Tuesday, March 1, 2016

what being an adult really looks like

Recently I’ve had these feelings come over me. I’m sure you know the ones. Overwhelmed. Over stitmulated. Just over. Over it all. 

Everything was too much. The kids were loud. The chores were piled up. Dinner was exploding on the kitchen counters. And someone had tracked chicken poo in the house. Again. It was in that moment, with sauces simmering, the oven groaning under the load of a heavy dutch oven, a child practicing her wazoogle, and another child complaining that she won’t like dinner, that I decided to go on strike. If I made a protest sign and paced the sidewalks in front of the house, surely they would get the picture and give this tired mom a break. Right? 

But most likely not. 

Moments like this, especially when they stretch longer than just momets, make me think that I need more breaks. I need time off. And it’s true, everyone needs a break. But I can’t really take my mothering hat off and cease being a mom. I can’t take grown up hat off and not be an adult either.

And that there is the whole problem. 

I’ve seen it on cute pictures when I scroll Facebook. I’ve seen it on t-shirts. Heck, I’ve even seen it on coffee mugs. Don’t make me adult today. I can’t adult. It creates this thing in me when I see this message pop up. It’s making me think I deserve some time for when I don’t have to be the responsible one, the grown up, the adult. 

This whole adulting thing is tricking us. At least it is me. It’s causing me to feel like I deserve to not adult. I deserve a break. I deserve time off from the hard life of being a grown up. But the truth is that I don’t. Not really. I signed up for this life when I decided to marry at 21 and start popping babies out at 24. I choose this when I signed my mortgage papers and then willingly took on all the bills that homeownership implies. I agreed to this when I choose the life of motherhood and grown up-ness.

I spent the last few weeks begging Zac for some time off. I kept thinking that if I just had an afternoon, an evening, a week (kidding about that, well-sort of) off I would be so much better at this whole grown up gig. And because Zac loves me, he tried his hardest to make it happen. But life threw us curveball after curveball, making it very hard to grab that time. I found myself praying about it, and not the righteous prayer of a fervent saint. It was more like the desperate, selfish prayer of an over-scheduled and burnt out mom. It went something along the lines of, give me this time off! I deserve it! I just can’t adult!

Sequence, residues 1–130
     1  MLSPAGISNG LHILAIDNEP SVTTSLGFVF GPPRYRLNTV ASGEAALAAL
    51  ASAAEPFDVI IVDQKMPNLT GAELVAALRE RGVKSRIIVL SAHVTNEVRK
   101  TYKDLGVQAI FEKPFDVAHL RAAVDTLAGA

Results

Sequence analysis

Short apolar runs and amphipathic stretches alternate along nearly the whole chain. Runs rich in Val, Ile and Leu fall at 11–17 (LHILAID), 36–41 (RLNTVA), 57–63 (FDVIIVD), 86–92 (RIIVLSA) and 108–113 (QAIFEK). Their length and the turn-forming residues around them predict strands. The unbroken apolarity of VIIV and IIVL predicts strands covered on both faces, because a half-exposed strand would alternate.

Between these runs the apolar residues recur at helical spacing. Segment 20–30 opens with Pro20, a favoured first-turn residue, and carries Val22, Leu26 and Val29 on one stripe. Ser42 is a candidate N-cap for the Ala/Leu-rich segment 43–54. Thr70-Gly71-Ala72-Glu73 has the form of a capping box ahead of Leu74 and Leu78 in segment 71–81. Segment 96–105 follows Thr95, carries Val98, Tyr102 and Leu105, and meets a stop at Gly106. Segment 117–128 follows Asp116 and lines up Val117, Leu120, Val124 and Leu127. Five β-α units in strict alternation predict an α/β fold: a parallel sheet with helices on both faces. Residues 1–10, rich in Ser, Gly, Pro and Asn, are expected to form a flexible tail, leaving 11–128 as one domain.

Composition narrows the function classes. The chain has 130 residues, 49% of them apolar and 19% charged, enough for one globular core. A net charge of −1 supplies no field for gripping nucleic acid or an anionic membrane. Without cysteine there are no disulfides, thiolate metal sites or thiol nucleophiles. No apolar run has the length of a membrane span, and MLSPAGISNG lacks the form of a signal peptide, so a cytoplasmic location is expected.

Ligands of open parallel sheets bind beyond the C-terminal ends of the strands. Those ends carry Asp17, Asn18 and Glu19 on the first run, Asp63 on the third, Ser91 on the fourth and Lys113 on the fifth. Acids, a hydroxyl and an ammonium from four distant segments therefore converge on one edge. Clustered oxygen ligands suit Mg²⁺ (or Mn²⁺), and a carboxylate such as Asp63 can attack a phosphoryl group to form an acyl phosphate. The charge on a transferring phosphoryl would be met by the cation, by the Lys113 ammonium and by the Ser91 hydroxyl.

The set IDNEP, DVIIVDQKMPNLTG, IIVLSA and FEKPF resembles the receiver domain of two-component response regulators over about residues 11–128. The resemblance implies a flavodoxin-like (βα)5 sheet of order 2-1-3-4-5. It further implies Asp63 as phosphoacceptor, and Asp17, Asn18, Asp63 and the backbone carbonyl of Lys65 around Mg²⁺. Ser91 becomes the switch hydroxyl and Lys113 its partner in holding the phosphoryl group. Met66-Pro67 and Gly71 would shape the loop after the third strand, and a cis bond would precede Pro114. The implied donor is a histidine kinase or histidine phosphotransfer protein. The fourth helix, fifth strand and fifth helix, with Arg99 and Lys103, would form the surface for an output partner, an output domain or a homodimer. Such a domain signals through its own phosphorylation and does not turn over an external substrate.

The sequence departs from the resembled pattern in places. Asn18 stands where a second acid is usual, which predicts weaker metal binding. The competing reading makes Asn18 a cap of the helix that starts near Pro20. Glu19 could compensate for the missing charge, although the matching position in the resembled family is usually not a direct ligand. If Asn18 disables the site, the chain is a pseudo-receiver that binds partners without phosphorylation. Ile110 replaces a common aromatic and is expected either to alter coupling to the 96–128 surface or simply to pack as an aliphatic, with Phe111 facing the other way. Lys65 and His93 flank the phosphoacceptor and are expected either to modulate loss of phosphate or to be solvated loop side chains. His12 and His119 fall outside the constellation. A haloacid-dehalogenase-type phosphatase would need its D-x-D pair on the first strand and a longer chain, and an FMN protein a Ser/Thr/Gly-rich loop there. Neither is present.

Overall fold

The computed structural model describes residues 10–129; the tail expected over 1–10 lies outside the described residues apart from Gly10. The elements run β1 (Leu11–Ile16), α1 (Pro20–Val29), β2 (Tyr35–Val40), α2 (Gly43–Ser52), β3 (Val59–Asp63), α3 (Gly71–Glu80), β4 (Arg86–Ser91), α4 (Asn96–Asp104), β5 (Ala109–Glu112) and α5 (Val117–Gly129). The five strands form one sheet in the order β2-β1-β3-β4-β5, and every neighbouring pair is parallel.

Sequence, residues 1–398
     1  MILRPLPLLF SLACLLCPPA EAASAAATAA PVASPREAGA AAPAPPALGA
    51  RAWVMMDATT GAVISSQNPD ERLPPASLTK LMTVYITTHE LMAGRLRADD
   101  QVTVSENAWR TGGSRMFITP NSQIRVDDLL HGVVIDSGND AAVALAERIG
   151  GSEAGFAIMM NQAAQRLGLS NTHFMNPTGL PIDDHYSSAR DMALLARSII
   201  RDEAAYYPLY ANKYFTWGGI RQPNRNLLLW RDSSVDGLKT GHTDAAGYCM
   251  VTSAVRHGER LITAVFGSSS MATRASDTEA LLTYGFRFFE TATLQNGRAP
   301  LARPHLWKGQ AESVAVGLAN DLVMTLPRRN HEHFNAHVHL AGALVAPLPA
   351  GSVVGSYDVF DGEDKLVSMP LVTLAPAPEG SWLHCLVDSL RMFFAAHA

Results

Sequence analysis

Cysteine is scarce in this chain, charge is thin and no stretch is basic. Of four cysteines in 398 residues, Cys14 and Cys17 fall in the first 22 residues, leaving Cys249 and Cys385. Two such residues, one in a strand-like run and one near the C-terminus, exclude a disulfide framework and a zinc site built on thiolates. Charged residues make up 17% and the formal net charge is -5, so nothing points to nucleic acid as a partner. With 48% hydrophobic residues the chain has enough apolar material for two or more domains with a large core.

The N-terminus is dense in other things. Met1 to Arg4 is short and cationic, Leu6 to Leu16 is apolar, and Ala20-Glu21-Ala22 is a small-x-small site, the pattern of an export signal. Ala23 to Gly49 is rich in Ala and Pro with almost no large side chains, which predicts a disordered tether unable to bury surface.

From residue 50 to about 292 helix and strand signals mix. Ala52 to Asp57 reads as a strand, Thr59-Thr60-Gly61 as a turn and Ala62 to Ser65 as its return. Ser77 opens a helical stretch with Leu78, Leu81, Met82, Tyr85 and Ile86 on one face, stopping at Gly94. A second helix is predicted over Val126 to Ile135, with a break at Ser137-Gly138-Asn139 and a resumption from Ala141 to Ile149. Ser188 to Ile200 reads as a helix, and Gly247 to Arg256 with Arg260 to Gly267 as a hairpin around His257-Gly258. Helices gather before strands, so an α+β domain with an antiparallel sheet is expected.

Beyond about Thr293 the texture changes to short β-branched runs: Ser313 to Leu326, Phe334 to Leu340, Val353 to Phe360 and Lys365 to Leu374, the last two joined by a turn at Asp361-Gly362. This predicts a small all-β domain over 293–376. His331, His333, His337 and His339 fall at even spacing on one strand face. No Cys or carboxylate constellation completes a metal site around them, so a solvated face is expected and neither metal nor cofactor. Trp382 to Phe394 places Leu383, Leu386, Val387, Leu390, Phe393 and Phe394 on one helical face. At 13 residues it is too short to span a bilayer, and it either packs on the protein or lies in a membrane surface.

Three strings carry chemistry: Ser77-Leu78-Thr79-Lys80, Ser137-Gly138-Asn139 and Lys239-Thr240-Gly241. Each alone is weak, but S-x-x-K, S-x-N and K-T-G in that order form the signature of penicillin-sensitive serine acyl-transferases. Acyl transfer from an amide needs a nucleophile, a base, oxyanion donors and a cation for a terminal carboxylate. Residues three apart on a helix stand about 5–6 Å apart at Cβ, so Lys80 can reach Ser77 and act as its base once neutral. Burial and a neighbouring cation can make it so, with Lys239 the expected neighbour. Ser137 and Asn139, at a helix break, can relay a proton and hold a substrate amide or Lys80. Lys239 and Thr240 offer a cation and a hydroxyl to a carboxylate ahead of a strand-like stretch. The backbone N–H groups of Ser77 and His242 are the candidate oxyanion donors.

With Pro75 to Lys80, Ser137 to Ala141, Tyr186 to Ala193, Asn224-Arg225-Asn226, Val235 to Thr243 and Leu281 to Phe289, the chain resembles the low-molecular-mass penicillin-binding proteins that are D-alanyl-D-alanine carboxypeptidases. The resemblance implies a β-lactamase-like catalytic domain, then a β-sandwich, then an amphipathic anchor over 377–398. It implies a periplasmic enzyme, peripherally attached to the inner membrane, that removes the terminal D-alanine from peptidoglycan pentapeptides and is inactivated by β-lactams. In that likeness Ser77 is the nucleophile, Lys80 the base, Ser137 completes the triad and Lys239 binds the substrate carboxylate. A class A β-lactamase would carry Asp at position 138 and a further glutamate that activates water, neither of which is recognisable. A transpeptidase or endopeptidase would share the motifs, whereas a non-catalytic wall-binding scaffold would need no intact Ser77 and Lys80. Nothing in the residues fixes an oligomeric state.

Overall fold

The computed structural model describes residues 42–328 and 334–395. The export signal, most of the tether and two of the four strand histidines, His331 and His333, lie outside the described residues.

Admittedly, that wasn’t my finest moment. But just like God always does, he met me there in my selfish pity party. He reminded me if I was grown up about my schedule and how I planned my days I wouldn’t be in this desperate place to begin with. Because if I was mature and grown up and adult like about how I spent my time, I would have allowed time for breaks and time for margin. If I had that time, I wouldn’t be feeling so over everything and ready to hide under a blanket with a box of cookies. 

I needed to learn to be selflessly selfish. 

Allow me to explain. Demanding time off from adulting just because I deserve a break is selfish. But proactivly planning for margin allows space so that the requiremtns of being an adult don’t do me in. I was feeling like I needed a break exactly because I hadn’t been allowing myself a break. I had packed my life so full with plans and obligations and things, that I had no margin for rest and recovery. I had no room for things that fill me up and give me the fortitude to carry on doing this adutling thing. 

So naturally, I’ve been feeling like I can’t adult because I was worn out. I need to allow room for rest. It’s not selfish to plan my schedule so there’s time to do the things that fill me up. It is selfish to wear myself out to the point of burn out and then demand that my family adjust their entire weekend so I can have a day off. 

I don’t want to not adult. Because I am an adult. And I’m really happy about that. 

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